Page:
Who gets to clean up? – When snow leaves its footprint of sleet and slush and black ice on the sidewalks and passersby slip and fall, landlords and property owners are free to wait idly by for net-worthy tenants to occupy their empty storefronts, while the slippery sidewalks await clean up. It's not fair and it's not safe. Sidewalks become inaccessible to street traffic – pedestrians and splashing cyclists who share the sidewalk with strollers and the gamut of human activity that takes place on the city streets. It's bad enough to have to navigate curbside puddles and, oftentimes, steep curb inclines (a story for another day), but let those responsible for the clean up, clean up, including the landlord of the offending storefront. Since there's no business occupant, it's the building owner’s duty. The Dept of Sanitation, hopefully, will get there, but the public can't wait for the landlord to get a big-bucks tenant to pay the rent and assume the duty of getting the street cleaned up so that customers can get safely from the sidewalk into the store. Seems like a no-brainer.
Kinder power – Adults, pets, move over. The pediatric set wants in. More and more medical facilities are offering services exclusively for infants, children, and adolescents. The walk-in Urgent Care on 90th and Third, which was mentioned in last week's column as having returned, is now a walk-in Pediatric Care facility. And a few blocks away, on East 88th between Third and Lex, is a pediatric dental office. Kids, brace yourself for some growing pains.
Sign of the times – A woman and her service dog got on the bus. A young girl passenger asked the woman if the dog was a boy or a girl. Another passenger sweetly admonished the 10-year old that "You're not supposed to ask about a dog's gender." The bewildered girl looked up and said, "I don't mean sex, I just want to know if it's a boy or a girl." Growing pains for the ages.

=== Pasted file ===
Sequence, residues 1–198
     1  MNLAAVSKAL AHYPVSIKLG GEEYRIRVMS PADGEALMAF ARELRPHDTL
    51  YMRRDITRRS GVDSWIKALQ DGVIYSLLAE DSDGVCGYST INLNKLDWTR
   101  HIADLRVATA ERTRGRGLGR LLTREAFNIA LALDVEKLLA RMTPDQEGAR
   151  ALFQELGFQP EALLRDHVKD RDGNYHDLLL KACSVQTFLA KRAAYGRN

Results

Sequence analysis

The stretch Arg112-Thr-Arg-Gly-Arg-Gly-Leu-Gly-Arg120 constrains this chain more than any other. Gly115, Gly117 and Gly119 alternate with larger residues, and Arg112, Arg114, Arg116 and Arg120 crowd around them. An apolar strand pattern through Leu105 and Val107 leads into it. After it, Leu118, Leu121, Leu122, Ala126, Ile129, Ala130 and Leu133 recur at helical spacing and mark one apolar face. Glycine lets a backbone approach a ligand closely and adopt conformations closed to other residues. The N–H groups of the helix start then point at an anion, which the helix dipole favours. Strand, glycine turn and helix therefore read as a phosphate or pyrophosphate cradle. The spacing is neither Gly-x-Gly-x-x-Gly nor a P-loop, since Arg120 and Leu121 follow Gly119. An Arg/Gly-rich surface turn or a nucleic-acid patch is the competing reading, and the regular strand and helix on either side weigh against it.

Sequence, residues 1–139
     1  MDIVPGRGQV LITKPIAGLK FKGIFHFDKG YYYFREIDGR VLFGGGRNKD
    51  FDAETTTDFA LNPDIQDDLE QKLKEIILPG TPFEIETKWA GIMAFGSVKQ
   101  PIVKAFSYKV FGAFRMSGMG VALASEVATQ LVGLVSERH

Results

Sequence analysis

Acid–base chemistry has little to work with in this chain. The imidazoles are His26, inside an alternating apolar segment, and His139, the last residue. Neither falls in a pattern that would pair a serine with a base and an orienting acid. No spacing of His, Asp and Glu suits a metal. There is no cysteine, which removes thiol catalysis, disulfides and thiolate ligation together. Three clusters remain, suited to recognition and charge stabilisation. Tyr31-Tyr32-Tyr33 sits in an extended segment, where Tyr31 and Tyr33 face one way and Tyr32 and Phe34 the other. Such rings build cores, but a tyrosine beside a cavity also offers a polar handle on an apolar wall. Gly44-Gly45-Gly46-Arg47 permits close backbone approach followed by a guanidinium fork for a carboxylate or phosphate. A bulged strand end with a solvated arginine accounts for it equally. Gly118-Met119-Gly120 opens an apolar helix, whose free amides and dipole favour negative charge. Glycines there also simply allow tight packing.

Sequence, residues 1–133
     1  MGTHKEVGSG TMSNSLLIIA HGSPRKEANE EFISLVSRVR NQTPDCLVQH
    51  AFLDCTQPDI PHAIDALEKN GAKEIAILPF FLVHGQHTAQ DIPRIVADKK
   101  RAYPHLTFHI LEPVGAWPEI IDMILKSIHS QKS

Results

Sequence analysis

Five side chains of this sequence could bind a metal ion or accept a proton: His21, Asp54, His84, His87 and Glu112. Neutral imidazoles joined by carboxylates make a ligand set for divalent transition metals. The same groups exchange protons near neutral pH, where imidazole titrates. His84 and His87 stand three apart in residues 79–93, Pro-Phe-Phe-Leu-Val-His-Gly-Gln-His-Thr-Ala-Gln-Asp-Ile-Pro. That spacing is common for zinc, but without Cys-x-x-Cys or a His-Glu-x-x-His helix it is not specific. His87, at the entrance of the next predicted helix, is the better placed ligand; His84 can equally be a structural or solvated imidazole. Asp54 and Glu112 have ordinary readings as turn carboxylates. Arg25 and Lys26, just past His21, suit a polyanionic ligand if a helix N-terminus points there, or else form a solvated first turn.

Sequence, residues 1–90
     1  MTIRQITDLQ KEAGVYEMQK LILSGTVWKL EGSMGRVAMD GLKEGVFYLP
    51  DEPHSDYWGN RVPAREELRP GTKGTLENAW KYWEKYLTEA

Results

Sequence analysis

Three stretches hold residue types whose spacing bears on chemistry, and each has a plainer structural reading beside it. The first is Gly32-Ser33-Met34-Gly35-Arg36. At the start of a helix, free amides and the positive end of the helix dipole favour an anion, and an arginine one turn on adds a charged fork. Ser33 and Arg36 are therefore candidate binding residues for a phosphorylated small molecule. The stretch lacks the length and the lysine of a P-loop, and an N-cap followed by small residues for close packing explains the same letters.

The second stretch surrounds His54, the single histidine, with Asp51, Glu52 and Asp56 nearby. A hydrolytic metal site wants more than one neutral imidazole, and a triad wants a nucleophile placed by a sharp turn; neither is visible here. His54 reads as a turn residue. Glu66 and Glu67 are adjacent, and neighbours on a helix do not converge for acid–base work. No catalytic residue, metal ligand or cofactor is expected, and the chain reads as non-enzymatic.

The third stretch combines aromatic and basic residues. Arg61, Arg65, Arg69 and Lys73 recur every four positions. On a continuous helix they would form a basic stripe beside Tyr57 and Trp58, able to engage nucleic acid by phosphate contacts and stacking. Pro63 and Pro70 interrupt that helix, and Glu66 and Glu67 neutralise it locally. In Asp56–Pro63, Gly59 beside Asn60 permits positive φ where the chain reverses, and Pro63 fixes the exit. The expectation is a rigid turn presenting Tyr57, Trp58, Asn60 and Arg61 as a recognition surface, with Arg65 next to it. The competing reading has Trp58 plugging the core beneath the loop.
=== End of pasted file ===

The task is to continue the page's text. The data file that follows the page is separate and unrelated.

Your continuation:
Too good to go? – The battle between developers and preservationists goes on and on. The Greenwich Village Society for Historic Preservation is opposing the demolition of the five-story 20-unit apartment building, 14-16 Fifth Avenue, between Eighth and Ninth Sts., which will be replaced by a 244-foot tall, 18-unit apartment tower. In their newsletter, the GVSHP explains the nature of the matter to be decided by the NYC Landmarks Preservation Commission.
The buildings that would be torn down were built in 1848 in what is now the Greenwich Village Historic District. The new building will be four times the height of the existing building and there will be less housing. The existing building had at least 10 units of affordable rent-stabilized housing. The proposed building is 75 per cent taller than the average building on lower Fifth Avenue and four times the height of the average building on the block. Because the structure is within the historic district, the building can only be demolished and replaced if the Landmarks Preservation Commission determines that 14-16 Fifth Avenue does not have historic or architectural significance, and that the proposed replacement building is "appropriate" for the site and the historic district. In with the old, out with the new? Time will tell.